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Can we use the verb "dress" without a direct object or should we only use the phrasal-verb "dress up"? How different are these two sentences?

  • I dressed and came out.
  • I dressed up and came out.
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    What did the dictionary tell you about the transitivity of "dress" and why didn't it help? – ColleenV Nov 24 '17 at 17:57
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    I didn't look in the dictionary. – SovereignSun Nov 24 '17 at 17:59
  • "dress up" means to wear something fancy or dress in something fancy. It can also mean to improve the appearance of something: "dress up windows with drapes" or "dress up a speech with fancy words or quotations from famous people." The verb "dress" by itself can mean a lot more things than just "putting clothes on", so you should take a look at it. – Nick Nov 25 '17 at 0:36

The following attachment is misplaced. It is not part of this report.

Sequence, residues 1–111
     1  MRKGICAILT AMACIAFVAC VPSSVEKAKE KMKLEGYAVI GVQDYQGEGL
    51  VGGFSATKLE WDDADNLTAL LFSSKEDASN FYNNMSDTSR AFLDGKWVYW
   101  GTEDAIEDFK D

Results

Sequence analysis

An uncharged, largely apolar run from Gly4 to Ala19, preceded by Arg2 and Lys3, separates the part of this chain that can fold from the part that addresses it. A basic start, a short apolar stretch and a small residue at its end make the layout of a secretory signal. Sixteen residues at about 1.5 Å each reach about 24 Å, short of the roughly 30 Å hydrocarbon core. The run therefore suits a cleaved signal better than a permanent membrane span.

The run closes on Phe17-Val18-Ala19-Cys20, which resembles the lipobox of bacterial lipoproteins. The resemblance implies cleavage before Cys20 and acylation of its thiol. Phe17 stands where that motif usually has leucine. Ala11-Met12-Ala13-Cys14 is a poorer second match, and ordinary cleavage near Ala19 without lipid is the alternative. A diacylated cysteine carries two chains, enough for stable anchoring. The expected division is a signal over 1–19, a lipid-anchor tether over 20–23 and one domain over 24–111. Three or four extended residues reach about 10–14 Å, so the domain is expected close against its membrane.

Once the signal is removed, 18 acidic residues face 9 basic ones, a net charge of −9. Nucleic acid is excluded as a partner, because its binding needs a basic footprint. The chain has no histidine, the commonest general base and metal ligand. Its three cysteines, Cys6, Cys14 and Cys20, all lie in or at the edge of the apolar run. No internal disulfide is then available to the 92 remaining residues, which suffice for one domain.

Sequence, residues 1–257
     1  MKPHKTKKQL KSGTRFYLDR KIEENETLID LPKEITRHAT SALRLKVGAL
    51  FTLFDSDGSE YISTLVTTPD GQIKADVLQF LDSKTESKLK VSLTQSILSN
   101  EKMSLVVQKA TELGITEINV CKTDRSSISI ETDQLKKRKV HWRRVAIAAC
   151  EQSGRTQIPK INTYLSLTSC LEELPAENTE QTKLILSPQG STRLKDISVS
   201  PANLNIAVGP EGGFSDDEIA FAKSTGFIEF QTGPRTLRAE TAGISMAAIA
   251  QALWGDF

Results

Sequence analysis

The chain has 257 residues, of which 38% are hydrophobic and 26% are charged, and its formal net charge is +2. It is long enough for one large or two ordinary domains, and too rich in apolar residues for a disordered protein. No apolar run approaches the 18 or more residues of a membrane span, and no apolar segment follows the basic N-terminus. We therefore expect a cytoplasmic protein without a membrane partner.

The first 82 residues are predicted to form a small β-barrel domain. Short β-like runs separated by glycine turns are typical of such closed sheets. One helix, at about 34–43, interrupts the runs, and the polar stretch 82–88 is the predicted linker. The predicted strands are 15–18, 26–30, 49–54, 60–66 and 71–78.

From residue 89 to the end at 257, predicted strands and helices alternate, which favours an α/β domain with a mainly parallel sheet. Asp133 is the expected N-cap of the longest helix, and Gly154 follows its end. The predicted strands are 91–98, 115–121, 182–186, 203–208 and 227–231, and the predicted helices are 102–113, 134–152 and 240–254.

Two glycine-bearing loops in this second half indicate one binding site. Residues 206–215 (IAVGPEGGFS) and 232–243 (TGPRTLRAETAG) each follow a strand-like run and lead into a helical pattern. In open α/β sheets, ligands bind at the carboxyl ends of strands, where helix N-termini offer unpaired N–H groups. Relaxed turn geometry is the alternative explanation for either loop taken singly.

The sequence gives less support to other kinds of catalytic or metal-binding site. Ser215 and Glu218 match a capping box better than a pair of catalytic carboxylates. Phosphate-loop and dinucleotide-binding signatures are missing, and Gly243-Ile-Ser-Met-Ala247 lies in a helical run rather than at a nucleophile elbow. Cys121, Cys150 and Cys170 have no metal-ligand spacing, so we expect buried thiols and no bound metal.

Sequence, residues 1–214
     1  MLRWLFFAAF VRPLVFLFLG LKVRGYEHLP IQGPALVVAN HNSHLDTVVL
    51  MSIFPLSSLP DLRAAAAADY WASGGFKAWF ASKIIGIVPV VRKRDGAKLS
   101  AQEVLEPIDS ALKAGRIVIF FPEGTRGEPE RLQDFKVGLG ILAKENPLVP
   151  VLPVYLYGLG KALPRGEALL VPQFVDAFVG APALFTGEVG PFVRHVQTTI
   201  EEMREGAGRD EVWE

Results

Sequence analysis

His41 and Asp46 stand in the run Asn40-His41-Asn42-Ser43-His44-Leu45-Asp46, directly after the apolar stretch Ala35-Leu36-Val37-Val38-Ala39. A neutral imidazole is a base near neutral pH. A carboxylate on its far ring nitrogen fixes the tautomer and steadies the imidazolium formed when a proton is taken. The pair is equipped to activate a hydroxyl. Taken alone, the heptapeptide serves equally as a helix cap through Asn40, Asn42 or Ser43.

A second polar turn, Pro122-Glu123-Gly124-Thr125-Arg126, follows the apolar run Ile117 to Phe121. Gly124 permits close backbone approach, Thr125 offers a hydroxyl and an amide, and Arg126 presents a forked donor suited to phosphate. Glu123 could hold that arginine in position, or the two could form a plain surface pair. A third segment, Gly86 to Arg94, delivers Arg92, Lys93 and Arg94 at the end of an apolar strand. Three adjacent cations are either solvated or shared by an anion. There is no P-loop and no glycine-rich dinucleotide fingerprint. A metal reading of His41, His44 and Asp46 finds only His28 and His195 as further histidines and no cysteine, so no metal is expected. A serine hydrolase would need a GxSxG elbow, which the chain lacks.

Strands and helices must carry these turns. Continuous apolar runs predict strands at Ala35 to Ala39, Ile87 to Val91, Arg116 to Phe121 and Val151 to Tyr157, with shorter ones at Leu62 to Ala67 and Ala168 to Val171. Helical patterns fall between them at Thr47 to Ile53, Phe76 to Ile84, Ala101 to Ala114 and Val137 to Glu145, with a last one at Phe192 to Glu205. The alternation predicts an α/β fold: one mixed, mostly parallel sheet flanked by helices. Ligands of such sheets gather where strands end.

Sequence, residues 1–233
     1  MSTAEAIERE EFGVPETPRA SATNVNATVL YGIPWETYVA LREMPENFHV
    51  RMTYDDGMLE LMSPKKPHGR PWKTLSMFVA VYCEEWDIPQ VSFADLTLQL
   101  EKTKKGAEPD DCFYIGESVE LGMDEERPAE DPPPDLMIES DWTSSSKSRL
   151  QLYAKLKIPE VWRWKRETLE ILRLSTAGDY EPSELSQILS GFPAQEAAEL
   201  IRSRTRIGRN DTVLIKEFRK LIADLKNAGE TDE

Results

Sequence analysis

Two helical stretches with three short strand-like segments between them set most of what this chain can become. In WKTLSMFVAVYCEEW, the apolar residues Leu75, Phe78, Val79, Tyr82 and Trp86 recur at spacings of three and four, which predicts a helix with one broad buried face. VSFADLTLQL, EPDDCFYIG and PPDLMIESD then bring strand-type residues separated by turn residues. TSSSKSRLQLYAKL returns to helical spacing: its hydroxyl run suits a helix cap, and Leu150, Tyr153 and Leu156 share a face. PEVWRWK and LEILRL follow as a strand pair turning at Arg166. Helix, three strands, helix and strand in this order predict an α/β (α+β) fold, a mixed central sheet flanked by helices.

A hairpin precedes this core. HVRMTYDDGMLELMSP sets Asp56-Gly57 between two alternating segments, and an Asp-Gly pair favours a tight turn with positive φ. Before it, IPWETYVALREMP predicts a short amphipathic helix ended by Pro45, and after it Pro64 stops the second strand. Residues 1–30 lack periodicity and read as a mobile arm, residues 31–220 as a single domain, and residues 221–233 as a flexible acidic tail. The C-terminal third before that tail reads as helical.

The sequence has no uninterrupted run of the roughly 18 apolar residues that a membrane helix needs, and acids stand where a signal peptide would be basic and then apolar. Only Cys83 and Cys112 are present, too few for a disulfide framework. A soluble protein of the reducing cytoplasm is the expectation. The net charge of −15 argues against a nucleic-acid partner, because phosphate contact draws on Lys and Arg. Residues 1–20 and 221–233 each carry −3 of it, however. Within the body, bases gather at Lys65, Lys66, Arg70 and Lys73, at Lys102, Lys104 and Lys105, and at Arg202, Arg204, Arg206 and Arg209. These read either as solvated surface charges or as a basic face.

• Might I ask what a "liable verb" is? I have never heard "liable" used this way and I've looked it up to see whether it is a grammatical term and I cannot find anything on it. – Nick Nov 25 '17 at 1:51
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    The salient interpretation of intransitive "dress" is "to dress oneself", but the object is merely understood rather than be overtly stated. The verbal idiom "dress up" means to dress in smart or formal clothes, or in some costume or fancy dress. – BillJ Nov 25 '17 at 7:16
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No object is needed:

I shall dress before breakfast

but

I shall dress up for dinner

means you will wear something formal or fancy.

There is a similar use of up with the verb talk:

I shall talk about our plan

says the plan will be discussed, whereas

I shall talk up our plan

says you will be using your talking skills to promote your plan.

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